|By Jim Bruene on October 3, 2012 11:31 AM | Comments (1)|
MoviePass is a new service designed to do for physical movie theatres what Netflix did for rentals, turning movie-going into an all-you-can-eat subscription service. For $25 to $40/mo (depending on where you live), MoviePass allows you to attend as many movies as you like (but no more than once per day; note 1).
However, the company has had trouble getting theatres on board, who are rightly concerned about cannibalization. So the startup has been working on ways to get around the need to have theater partners. They tried in-home voucher printing, but it proved cumbersome and still required some level of theatre participation.
So MoviePass invented a clever workaround using a proprietary prepaid debit card. The new system allows subscribers to go to any movie at any theatre in the country, as long as they accept debit/credit cards. The service is in private beta with 1,500 users. You can add your name to the 75,000-person wait list here.
1. User goes to the theatre location and checks in using the MoviePass app (inset). The check-in only works within 100 yards of the theatre.
2. MoviePass then adds the price of the movie to its prepaid card.
3. Consumer walks to the window and purchases a ticket with the MoviePass card using up the entire balance (note 2).
It's a clever mashup of GPS, point of sale, mobile and payment technologies.
Relevance: No word on who's powering the card, but hopefully we'll see it used in other applications. It could be a solution for youth spending (parents preapprove locations/amounts), employee purchases (employers preapprove locations/amounts), or rewards/offers (money appears on your card only when you check in at specific locations).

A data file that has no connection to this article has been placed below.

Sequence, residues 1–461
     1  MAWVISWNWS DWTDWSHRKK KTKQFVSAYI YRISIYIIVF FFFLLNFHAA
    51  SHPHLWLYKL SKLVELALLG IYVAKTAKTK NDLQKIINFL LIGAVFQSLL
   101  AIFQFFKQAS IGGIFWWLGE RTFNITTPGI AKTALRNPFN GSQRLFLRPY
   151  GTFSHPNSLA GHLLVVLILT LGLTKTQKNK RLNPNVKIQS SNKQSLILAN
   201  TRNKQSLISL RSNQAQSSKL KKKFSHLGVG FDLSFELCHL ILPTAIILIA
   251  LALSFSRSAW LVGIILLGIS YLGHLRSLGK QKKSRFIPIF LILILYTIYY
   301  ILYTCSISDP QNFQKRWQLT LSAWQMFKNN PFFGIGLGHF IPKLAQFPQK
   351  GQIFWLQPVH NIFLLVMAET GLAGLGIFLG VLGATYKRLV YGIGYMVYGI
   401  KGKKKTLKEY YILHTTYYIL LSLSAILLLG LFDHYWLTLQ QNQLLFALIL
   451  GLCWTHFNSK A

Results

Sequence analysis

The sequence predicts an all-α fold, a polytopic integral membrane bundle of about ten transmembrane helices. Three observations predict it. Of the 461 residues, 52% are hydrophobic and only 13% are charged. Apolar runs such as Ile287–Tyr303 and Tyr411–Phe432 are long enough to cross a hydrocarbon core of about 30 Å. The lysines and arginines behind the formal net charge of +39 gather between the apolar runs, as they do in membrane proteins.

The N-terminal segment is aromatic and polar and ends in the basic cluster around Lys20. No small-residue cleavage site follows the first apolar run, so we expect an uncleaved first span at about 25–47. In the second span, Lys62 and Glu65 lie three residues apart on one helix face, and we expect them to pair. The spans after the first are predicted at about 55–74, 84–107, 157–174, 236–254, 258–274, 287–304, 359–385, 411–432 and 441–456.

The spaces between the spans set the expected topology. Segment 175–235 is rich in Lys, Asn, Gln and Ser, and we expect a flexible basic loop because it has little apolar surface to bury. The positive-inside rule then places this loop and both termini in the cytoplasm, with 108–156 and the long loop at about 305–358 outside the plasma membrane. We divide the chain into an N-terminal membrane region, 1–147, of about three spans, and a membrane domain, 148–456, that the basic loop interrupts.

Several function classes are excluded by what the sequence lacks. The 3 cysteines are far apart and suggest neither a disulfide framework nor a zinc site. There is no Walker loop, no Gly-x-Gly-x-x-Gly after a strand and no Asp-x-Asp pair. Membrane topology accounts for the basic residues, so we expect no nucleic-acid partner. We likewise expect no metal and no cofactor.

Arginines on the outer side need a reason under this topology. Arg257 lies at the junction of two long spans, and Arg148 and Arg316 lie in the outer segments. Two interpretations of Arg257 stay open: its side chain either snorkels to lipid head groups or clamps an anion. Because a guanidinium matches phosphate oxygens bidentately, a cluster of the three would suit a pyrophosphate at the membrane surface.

1. Clearly, the company won't be able to make a return at $40/mo unless they cut deals with theatres for discounts (especially to fill second-run and weeknight seats), which is the end-game here. At a cost of $5/ticket, it probably works. At $10 per ticket, movie buffs hitting theatres two to three times per week are going to kill the model.
2. Presumably, MoviePass has controls that limit the purchase to the theatre where the checkin occurred. And it must be limiting checkins to the registered phone only, otherwise the card could be passed to friends and the biz model won't work. I also assume MoviePass will confiscate any unused balance if the ticket price is less than what was advanced or if the customer doesn't buy a ticket.
3. It would be interesting if they also partnered with RedBox so you could get unlimited DVD rentals AND theatres in one monthly price.
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